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Thursday, October 05, 2006

Bored In the U.S.A. - Johnny breaks down The Killers' Sam's Town

Sam’s Club, er, Town is the sound of a band straining so hard to reach something they pull a musical groin muscle, resulting in a nasty cramp that needs an ice pack to soothe. In an effort to become a stadium staple, The Killers attempt to plunder the surface flourishes of Bruce Springsteen, U2 and Jim Steinman-era Meat Loaf, but layers upon layers of production can’t disguise the fact that the songs just ain’t there. That's sad considering their debut, Hot Fuss was about 90% perfection, the first seven songs comprising the best “side” of an “album” in years. Sam’s Town is proof that just slapping an Anton Corbijn photo on your CD booklet doesn’t make it The Joshua Tree. In this case, it doesn’t even make it Simple Minds’ Once Upon A Time (look it up).

The recurring trouble with Sam’s Town is simply the general tunelessness of the majority of songs. I defy you to sit through “My List” without checking your e-mail, picking at your fingernails or leafing thru a magazine. And while I really want to like “Uncle Johnny” based on the title alone, aside from nicking the opening riff from REM’s “Turn You Inside Out”, the song is a meandering mess that might have been better served as a b-side. On an import-only CD single. An Indonesian one. Nearly every song strives for epic, epic, epic. Scope is fine, but both Bono and Bruce will sit you down and explain that every Achtung Baby or Born In The U.S.A. has a “Tryin’ To Throw Your Arms Around The World” or an “I’m On Fire” to balance all the bluster. Doses, boys, doses.

Thankfully, it’s not all puffed-out chests and grand statements ultimately meaning nothing. When the band embraces its inherent ridiculousness and gives in to camp, things click quite nicely, particularly on the ludicrous (that’s a good thing here, trust me) “Bones”, Brandon Flowers’ mincing (not a slam, either), foppish attempt to shine his Morrissey badge and parade it around the stage alongside a choir, a horn section and a middle eight break direct from the Meat Loaf Songbook. The curiously titled “Bling (Confessions Of A King)” scores in this respect as well. And “This River Is Wild” successfully fuses the Killers’ newfound Springsteen jones with the synthpop-meets-Smiths edge from Hot Fuss.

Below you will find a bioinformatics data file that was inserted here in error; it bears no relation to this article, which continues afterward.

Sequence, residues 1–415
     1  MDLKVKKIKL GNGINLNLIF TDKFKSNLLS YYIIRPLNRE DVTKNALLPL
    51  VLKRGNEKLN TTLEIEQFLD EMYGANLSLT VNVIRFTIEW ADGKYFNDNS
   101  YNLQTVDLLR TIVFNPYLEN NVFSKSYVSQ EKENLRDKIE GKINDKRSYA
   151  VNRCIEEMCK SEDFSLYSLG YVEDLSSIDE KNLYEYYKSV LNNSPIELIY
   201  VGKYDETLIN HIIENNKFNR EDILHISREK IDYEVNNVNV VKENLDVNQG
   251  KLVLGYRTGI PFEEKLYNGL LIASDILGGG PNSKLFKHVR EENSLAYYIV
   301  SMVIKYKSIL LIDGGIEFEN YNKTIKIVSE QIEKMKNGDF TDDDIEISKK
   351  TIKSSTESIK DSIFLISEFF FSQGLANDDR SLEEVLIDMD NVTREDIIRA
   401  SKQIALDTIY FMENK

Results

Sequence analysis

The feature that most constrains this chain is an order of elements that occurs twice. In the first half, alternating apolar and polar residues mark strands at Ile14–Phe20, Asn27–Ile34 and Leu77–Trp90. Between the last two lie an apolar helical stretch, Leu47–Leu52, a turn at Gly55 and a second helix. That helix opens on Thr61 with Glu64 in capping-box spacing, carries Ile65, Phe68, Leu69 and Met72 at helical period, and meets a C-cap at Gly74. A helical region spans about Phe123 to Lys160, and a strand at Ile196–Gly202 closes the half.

The band throws fans of the first album a few table scraps such as “For Reasons Unknown” which recalls the New Wave pop sheen of “Mister Brightside” crossed with the Sex Pistols’ “Pretty Vacant”, an appealing combo. And “Why Do I Keep Counting” recreates the meaty build-up and release of “All These Things That I’ve Done”. However, if you happen to grab the Japanese import, the torture continues with a couple of bonus tracks, including something called “Where The White Boys Dance”, which features this curious chorus:

Take me to the place where the white boys dance
Take me to the place where they run and play
my baby is gone
you might have a chance
Take me to the place where the white boys dance

Jigga, what? Someone wanna parse that for me, there? Is Mr. Flowers just more comfortable around his own kind or is this some attempt at self-deprecation by stating he’s just a goofy white guy? Or is he just saying he’s into white guys (doubtful, given his proud Mormon status – Lord knows there are zero gay Mormons!)? I can see why it was left off the U.S. version – not because it’s controversial by any means, just that it makes zero sense. It’s also the very definition of trifling.
EDIT: Quite a few listens later, I see that Brandon is singing from a girl's point of view, but the central question remains - why white boys?

And that ultimately sums up Sam’s Town - an earnest yet misguided attempt at greatness, initially arresting, but in the end, inconsequential and unsatisfying as it collapses under the weight of its aspirations and lofty goals. Is it better than pulling a Strokes and simply re-writing your debut? Perhaps. But good intentions sometimes translate into a simple “Nice try” and a dusty spot on the CD rack.

Sam’s Town - 2.5 out of 5 stars.

Monday, October 02, 2006

Ladies & Gentlemen...

...I'm proud to present the newest member of the Johnny Household, Kirby the Boxer.

Baby is still adjusting to his new home, so I'll have the whole scoop later.

Fine Folks

"...and by hubris, I mean overweening pride!" - Johnny's Greatest Hits

25 Year Loop
Fucking Woof
David Live
The Night Before
Jobriath Was First
She's in Parties
She's in Parties Pt. 2
Tales From the Dragon Club
Tales From the Dragon Club Pt. 2
Okay, California...You Win
How to Sell Used CDs

Previously on "Johnny Is a Man"...

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